1. The path towards enactment of the 1979 constitution was the same taken for the enactment of the 1999 constitution. First, a constitution draft committee produced a document, which was then set before a constitution assembly to ratify ex post facto, with inconsequential tweaking. The result of the constitution assembly was then handed over to the military council for editing and final approval as a document by “Nigerians”, with an imposition, “We the people…” What a fraud!
2. In the decree 24 above, it is claimed that the constitution draft committee “was convinced that the general consensus of opinion of Nigerians is the desire to retain the provisions of the 1979 Constitution of the Federal Republic of Nigeria with some amendments.” I have shown how the 1979 constitution was equally an imposition. How could the “general consensus of opinion of Nigerians” favor an imposition with complete disregard of their desire to own their resources, and be free on their land? How could the “general consensus of opinion of Nigerians” favor enslavement of Nigerians in their homelands?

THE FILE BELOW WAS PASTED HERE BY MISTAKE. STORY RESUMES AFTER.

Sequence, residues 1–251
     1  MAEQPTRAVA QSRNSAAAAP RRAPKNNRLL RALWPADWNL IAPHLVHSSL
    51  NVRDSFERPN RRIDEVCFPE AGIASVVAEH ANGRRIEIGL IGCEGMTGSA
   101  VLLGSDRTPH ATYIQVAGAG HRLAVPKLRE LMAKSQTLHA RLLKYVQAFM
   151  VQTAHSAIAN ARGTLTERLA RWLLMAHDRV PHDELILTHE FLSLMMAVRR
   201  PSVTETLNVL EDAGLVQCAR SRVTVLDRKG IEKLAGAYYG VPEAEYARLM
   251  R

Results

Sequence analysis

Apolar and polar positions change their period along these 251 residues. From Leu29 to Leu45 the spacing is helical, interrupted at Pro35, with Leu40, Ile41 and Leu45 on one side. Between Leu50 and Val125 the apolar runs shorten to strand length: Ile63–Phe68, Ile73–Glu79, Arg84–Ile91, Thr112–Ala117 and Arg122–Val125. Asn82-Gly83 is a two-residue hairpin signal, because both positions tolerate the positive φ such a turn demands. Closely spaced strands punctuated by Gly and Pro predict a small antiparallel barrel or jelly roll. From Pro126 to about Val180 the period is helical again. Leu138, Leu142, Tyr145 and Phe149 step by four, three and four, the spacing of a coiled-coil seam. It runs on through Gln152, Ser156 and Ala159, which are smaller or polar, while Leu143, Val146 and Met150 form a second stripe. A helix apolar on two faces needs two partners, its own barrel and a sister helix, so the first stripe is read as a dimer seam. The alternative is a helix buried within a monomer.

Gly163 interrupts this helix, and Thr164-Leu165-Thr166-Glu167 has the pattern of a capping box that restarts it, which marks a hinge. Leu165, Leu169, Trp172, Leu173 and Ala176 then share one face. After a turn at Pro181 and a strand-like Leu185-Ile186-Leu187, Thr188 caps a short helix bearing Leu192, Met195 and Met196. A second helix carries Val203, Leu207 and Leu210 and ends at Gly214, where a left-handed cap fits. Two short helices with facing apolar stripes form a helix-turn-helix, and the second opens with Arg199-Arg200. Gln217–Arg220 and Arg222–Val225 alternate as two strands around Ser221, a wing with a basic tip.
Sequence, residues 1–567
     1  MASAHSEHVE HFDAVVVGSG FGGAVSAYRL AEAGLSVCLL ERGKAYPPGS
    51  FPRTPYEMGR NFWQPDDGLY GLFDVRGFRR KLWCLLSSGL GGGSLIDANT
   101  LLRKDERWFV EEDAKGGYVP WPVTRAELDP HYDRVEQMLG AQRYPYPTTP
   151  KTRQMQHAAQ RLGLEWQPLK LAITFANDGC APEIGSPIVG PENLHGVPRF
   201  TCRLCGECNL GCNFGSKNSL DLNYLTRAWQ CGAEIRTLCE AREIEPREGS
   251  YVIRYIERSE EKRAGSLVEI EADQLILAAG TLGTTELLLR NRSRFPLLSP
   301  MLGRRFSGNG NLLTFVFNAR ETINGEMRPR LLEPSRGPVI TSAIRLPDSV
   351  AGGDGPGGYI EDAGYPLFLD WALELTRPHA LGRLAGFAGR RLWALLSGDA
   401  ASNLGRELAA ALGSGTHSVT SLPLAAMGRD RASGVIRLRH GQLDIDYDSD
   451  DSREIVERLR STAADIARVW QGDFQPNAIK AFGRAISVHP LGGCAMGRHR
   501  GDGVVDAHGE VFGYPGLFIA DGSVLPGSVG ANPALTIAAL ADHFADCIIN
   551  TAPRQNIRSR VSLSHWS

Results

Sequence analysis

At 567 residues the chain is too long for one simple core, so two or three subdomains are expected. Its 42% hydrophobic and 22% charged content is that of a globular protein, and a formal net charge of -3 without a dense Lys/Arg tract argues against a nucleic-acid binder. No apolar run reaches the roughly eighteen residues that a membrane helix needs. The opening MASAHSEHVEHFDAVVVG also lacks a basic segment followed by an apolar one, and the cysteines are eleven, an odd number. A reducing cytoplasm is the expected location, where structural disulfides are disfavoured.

DEMANDS: We have seen the movie before. We the peoples of the Middle Belt, in alliance with our brethren from the Lower Niger federation and Yoruba federation reject the 1999 constitution as a fraud. However, we shall accept to bear with it in a transition period that must not exceed 2015. Accordingly, we call on the national assembly to commence work immediately on a bill that would set up a sovereign national conference, whose output would take effect from 2015. The legislature and executive at all levels of government in Nigeria would be transitional.